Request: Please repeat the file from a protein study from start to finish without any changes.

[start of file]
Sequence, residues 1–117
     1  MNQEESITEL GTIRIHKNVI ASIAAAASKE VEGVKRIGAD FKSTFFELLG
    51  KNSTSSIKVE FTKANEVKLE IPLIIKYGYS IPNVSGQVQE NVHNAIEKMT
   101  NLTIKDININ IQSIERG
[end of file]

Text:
Sequence, residues 1–117
     1  MNQEESITEL GTIRIHKNVI ASIAAAASKE VEGVKRIGAD FKSTFFELLG
    51  KNSTSSIKVE FTKANEVKLE IPLIIKYGYS IPNVSGQVQE NVHNAIEKMT
   101  NLTIKDININ IQSIERG